With the tagline “Local, simple and honest,” Boca Kitchen Bar Market was among the first wave of farm-to-table restaurants in Tampa Bay to make the assertion “we use local products whenever possible.” I’ve reviewed the food. My own words are right there on their website: “local, thoughtful and, most importantly, delicious.”
But I’ve been had, from the snapper down to the beef.
Most of us take it upon ourselves to show the people we love how special video games can be. We often forget that when we play, we bring years and sometimes decades of fluency in this medium. It’s rare that someone without that background can pick up a controller and play without guidance. Books are easy to share because everyone learns to read. Not everyone spends the hours necessary to learn how to play what we consider to be “core” games.
These days I’ve got three languages rattling around in my head: English, Croatian, and American Sign Language (ASL). (There was a point at the start of college when I could read novels in Spanish, but that muscle has since atrophied.) Where I am and who I’m with dictates which language is in the driver’s seat, of course, but they’re always in there, vying for control.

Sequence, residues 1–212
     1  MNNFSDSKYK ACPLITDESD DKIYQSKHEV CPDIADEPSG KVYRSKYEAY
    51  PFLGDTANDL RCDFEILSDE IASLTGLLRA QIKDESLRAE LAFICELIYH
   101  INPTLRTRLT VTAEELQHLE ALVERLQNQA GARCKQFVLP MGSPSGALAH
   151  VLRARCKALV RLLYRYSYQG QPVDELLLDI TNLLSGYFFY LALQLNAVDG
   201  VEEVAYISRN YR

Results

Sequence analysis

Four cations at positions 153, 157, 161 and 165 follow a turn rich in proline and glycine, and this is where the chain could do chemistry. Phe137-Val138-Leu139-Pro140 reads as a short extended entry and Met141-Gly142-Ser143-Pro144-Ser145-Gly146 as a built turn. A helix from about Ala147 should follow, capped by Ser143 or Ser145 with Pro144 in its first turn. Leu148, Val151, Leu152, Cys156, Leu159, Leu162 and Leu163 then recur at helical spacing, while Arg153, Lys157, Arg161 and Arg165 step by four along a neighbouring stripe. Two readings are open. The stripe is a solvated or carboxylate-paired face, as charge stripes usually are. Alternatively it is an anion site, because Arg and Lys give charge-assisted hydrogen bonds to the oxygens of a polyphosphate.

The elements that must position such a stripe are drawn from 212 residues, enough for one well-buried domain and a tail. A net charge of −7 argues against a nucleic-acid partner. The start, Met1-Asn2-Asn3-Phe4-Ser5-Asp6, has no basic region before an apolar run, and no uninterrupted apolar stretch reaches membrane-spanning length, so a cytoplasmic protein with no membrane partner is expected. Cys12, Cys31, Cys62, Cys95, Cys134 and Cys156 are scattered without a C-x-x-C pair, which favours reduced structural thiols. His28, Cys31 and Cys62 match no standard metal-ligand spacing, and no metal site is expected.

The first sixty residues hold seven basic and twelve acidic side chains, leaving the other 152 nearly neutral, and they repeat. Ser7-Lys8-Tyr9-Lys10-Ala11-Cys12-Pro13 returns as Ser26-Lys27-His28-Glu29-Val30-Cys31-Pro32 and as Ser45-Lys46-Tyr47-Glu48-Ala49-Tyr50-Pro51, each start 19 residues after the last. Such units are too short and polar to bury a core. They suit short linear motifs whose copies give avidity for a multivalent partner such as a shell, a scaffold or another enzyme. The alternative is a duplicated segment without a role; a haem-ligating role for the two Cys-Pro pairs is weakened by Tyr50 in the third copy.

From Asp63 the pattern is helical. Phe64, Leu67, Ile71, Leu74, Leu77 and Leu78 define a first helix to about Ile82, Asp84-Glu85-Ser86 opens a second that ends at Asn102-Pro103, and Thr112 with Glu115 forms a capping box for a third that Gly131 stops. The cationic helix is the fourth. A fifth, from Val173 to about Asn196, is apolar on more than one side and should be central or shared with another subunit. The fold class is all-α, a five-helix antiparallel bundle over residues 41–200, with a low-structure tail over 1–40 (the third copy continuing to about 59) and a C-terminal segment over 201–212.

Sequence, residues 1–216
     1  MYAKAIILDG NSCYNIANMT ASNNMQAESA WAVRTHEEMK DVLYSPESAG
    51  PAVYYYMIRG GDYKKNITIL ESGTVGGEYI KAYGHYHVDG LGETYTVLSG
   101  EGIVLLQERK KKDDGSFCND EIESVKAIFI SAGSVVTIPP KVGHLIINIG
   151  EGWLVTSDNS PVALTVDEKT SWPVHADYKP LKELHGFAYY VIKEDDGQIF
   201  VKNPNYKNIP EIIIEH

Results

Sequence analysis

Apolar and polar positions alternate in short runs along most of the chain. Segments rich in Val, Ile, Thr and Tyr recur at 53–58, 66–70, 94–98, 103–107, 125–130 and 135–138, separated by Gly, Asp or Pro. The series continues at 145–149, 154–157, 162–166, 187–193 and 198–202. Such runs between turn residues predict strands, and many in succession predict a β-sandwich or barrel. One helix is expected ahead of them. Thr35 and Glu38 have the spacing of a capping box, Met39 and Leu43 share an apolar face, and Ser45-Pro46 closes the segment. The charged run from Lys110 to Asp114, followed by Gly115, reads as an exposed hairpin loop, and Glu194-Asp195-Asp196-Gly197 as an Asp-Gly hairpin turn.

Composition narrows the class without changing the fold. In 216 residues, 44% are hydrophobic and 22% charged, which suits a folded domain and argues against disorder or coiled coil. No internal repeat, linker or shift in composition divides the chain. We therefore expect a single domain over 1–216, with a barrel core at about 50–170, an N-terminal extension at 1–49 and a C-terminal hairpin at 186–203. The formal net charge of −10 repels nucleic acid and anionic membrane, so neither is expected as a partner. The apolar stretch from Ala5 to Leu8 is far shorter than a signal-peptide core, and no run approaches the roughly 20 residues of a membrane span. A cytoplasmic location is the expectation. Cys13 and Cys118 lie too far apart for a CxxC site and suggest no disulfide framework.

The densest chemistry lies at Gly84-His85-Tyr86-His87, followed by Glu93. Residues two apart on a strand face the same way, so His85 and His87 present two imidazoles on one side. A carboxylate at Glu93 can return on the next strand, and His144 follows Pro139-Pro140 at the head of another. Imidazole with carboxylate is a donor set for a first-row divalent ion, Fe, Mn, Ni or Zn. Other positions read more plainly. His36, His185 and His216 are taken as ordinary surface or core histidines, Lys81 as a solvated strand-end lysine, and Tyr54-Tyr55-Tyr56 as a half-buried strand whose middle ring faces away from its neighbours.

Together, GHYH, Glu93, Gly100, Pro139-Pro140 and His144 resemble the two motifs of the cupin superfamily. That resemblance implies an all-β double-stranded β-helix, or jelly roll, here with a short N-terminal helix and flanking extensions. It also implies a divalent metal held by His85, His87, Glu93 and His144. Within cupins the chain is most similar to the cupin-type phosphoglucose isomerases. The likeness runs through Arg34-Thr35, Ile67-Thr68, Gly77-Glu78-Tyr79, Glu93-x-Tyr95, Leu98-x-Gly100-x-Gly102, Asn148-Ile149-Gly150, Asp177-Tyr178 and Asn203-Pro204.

The conventional answer to this question is that three blades minimizes the shadow effect that each leading blade has on the blade that follows. You want more blades to reduce the starting torque required to get your turbine spinning (this is analogous to having more cylinders in an engine making it run smoother) but if you have too many blades the shadow effect hurts efficiency and drops the total yield. Three blades peak at about 48 percent efficient, which isn’t 59.3 percent but is near enough and happens to be the practical output I mentioned two paragraphs ago. So it must be right, right?
Computers live in virtual space; dance is visceral. But the truth is that the biggest problem with choreography and AI is something that choreographers themselves have been struggling with for as long as the art has been around: notation.